Friday, March 09, 2007


Ever since I blogged last, my brain has been periodically screaming at me to take down my last post. It's too honest. Too messy. Too open to debate, or rejection. The screaming got louder today when I sort of accidentally found two web pages with lists of Porch bloggers, and that I'm listed on both. I don't want people to assume that I'm somehow representative of anything but my own life and experiences, that I'm more than one broken person struggling to make sense of life and God. But so far I have resisted the urge, and my intent is to continue to resist it.

I don't represent anyone but myself, obviously, and I would argue against anyone who said that my circumstances and choices were applicable elsewhere, either in general or in some other specific situation. But I am honestly struggling to come to terms with God as I've experienced Him, not as I'd like God to be. And I'm fighting to accept my life and my choices as they are, not as I wish they were. I need to break my addiction to seeming to have it all together. I need to be honest with others so that I can be honest with myself. Because left to my own devices, I'm perfectly content to have others believe things are fine and I'm doing great, even when things are falling apart. Left to my own devices, I prefer comfort to honesty and security to authenticity.

But when I hang up the whole cloth here, everyone can see the rips and holes, the seams and the jagged edges. It's excruciatingly uncomfortable. And in the end, I think that's a good thing, especially for an approval junkie and perfectionist. I need to realize that it is not a sin to be imperfect, and my pretending I have it all together only puts pressure on others to do that as well.

If this is the only place I can really grow toward being more open and honest about my life, then I'd be a fool to use it to preserve my illusions. I'd also rather not continue to be a cog in the machine that manufactures all the pretense we hand each other on a daily basis.

But oh, it hurts to expose myself this way.

Sunday, March 04, 2007

Eyes to See

I'm not dead yet. (For those of you that are anxious types, that's a Monty Python reference, not a threat.)

It's been quite a year (almost). I haven't had reliable internet in months and months, and things have been so crazy that blogging was the last thing on my mind. But I'm going to try to start again.

Tonight, listening to Jimmy at the gathering was such a hard thing. The reasons we don't see God in our lives...because we don't want to? Oh, yeah. That's my story. I know first-hand what that's like, and I'm starting to think that may be the biggest obstacle to following God for a lot of people. Even most people. So I'm going to tell a little story, and you may believe it. You may think I'm deranged (or worse). But I'll risk it.

I don't have to tell most people that the last five years or so have been very difficult ones for our family. We had twins who were eleven weeks premature, and hospitalized for 6 weeks. We went back to school, and had all the stress and financial burden that brings. We had Jonah, which we were neither planning on nor prepared for. We found out that Gabe fit the criteria for Autism Spectrum, and needed special education preschool. I was diagnosed with bipolar II disorder. And through it all, Jeff struggled with his own mental illness, hospitalization, and trying medication after medication with no lasting relief. We were a mess. But it got worse.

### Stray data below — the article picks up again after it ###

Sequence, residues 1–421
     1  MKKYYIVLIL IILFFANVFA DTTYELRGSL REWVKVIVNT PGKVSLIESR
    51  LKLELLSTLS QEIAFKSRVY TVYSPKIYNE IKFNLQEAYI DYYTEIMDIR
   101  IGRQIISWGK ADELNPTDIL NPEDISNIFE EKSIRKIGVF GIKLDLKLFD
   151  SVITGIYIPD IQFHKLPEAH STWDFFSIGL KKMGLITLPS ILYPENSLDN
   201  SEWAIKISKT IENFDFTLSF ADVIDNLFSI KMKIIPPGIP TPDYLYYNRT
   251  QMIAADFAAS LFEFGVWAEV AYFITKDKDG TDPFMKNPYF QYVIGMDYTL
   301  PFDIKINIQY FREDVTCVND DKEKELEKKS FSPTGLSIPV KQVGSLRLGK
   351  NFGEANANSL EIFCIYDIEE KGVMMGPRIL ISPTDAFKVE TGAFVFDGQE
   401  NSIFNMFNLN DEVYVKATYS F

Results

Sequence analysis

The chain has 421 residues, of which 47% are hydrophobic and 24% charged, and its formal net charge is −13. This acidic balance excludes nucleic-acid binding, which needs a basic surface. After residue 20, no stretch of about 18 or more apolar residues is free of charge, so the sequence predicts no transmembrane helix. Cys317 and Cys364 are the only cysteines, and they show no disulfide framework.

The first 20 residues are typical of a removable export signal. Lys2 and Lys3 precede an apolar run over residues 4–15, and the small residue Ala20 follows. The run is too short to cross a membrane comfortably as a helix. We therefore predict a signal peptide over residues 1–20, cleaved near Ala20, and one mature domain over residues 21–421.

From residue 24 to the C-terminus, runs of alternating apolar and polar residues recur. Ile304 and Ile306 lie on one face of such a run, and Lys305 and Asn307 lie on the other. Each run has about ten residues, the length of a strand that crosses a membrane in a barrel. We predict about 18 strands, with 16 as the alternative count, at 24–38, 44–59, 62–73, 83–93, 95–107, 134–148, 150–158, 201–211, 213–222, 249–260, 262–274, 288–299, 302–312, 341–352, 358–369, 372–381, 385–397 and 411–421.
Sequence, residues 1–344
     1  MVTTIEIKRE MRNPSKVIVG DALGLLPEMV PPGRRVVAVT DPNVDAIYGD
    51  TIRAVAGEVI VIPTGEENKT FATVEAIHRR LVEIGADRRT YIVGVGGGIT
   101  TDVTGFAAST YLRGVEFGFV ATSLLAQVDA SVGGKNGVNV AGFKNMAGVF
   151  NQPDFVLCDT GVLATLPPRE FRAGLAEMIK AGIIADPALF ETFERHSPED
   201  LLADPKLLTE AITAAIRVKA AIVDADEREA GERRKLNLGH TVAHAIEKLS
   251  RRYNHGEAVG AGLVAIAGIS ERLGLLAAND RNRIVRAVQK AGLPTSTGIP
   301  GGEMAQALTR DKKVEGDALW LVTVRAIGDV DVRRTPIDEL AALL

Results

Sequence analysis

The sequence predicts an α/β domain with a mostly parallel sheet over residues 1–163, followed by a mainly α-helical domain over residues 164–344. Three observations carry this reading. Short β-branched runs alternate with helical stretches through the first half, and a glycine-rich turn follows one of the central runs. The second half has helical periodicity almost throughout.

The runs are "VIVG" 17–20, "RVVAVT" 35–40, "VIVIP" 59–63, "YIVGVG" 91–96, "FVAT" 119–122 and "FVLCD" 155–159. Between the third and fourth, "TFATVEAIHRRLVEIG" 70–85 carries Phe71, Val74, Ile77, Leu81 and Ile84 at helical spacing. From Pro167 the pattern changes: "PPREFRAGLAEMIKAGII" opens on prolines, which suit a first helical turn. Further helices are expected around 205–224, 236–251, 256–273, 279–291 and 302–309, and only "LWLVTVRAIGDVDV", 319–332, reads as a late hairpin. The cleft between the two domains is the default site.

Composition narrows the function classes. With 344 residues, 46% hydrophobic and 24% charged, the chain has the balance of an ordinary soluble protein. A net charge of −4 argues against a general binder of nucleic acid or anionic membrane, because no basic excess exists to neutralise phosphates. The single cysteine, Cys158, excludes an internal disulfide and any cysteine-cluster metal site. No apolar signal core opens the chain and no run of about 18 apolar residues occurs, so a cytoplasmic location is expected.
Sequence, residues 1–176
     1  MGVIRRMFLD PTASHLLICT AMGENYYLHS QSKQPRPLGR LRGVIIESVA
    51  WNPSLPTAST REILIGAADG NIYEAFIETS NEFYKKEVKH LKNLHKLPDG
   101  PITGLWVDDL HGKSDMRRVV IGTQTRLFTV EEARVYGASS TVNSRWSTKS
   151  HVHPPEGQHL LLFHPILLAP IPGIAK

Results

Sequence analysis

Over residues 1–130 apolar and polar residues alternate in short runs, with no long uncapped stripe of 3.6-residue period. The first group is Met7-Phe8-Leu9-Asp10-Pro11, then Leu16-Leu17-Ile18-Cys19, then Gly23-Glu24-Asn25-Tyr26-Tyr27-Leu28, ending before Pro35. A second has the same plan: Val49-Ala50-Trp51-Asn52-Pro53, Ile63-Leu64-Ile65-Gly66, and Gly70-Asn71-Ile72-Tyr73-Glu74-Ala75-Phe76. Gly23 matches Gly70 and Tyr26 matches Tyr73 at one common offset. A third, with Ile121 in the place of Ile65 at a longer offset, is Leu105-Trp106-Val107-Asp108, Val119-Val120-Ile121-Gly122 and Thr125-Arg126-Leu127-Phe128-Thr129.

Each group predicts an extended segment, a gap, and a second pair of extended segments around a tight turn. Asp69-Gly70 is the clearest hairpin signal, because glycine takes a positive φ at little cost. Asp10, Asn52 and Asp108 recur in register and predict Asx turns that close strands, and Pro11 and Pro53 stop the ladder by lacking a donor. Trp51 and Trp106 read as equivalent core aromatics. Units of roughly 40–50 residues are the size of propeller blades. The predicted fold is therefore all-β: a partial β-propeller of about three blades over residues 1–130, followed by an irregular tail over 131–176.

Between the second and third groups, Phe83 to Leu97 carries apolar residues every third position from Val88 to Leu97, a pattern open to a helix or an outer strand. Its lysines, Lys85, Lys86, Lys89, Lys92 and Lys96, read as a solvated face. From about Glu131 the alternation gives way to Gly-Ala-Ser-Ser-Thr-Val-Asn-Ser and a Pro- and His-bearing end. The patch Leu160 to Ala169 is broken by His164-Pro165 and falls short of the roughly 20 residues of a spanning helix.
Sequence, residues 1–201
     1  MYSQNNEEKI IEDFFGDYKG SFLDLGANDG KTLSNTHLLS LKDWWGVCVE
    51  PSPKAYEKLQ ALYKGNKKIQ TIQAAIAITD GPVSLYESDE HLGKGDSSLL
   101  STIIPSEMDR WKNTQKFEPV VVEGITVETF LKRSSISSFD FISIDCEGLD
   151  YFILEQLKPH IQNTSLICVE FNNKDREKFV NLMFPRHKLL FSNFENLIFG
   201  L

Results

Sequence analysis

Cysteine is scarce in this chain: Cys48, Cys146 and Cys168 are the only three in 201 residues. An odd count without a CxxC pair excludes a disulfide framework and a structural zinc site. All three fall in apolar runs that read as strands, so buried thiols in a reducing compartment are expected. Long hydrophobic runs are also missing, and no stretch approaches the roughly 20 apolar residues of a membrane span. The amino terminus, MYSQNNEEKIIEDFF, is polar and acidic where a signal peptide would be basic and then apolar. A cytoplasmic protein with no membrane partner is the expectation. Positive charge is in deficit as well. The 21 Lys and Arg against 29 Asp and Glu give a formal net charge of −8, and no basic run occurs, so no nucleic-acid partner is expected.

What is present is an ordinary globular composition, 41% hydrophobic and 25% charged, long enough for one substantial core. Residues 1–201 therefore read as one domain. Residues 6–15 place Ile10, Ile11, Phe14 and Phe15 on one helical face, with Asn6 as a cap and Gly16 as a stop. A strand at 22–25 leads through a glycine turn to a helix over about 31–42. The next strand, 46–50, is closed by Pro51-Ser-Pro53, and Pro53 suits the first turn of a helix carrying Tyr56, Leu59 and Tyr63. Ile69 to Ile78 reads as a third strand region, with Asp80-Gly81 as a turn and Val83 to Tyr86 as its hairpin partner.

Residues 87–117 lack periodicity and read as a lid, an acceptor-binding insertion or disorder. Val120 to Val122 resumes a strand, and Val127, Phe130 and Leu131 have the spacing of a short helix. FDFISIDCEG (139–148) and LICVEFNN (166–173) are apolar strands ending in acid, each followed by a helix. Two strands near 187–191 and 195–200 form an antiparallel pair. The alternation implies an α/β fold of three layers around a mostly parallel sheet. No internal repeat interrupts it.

At some point, our marriage went from difficult to unstable to mutually destructive. I don't have a timeline for it; I don't know when things really got unhealthy for us. But we separated last May. Right around that time, God started calling me end our marriage. Out of compassion for both of us. Out of concern for our kids. I won't go into detail here, ever, but our relationship had become a really scary, ugly thing. And at some point, we both became so wounded that it was hard to muster anything at all for our kids. That was agony. But for me, the thought of giving up hurt worse. The thought that God was asking me to get a divorce made sense to me in light of what we had become, and what I believe God wants for us, but I didn't believe it. I outright refused to. Closed my eyes. Turned away.

So I spent most of last year vacillating. Not wanting to give up, but without the strength to go on. Hurting and being hurt. Saying, "Ok, God," then running away, angry and disbelieving. How could God? This isn't how God is supposed to operate. What happened to "'I hate divorce,' says the LORD God of Israel"? I felt incredibly betrayed, and it's a feeling I still struggle with, a year later.

Even knowing how hurtful our relationship was. Even knowing it was affecting our children. Even knowing that God's heart was breaking every day for us. The reasons didn't matter. I had decided how I wanted God to behave, and I was determined to hold God to it.

I prayed about it relentlessly and tearfully. I begged God not to let it happen, to find some other way. I begged God to make our family whole again. And amazingly, God said, "Ok, give it a try". The planets aligned. Obstacles melted away. We began living together again in November. Then God stopped speaking. All through our separation, I had frequent awareness of God's presence. Comfort. Guidance. More frequent and consistent than any other year of my life. And all that disappeared like a match dropped in a puddle. That worried me, but things were going alright, so I pushed it away. When things stopped being alright, God's absence became unbearable.

I spent a few hours telling my friend Michelle the whole story of our attempted reconciliation in January, after three months had passed, and our relationship had become destructive once again. Her response was, "Maybe God isn't speaking because He's already said it."


God let me try to force things to be fixed. He even blessed our efforts- the honeymoon phase was longer and more stable than I ever would have expected. Some good things even came out of those months. But we ended up back where we started.

And so, a month ago, we separated again, this time for good. God said, "Now do you understand? Now do you believe Me?" and internally, I kind of mutely nodded, round-eyed, like a chastened preschooler.

I was dying before, yes, but at least my life felt secure and predictable. Security and predictability are long-standing addictions for me. I think that if it weren't for my children, I would keep fighting to stay blind. But they deserve a mom who will do what she can to protect them, whether or not it makes her scared and sad. They deserve parents who are there for them, even if it costs them each other.

Having eyes to see is not the most comfortable thing in the world.